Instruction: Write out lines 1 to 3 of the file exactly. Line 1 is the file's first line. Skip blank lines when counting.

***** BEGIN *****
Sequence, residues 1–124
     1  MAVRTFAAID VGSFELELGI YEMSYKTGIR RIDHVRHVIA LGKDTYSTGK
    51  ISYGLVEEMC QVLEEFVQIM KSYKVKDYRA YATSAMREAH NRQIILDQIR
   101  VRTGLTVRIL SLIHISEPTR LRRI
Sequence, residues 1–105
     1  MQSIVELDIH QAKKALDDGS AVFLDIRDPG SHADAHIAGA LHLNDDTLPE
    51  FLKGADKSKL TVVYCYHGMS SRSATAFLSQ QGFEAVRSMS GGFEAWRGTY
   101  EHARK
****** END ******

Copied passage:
Sequence, residues 1–124
     1  MAVRTFAAID VGSFELELGI YEMSYKTGIR RIDHVRHVIA LGKDTYSTGK
    51  ISYGLVEEMC QVLEEFVQIM KSYKVKDYRA YATSAMREAH NRQIILDQIR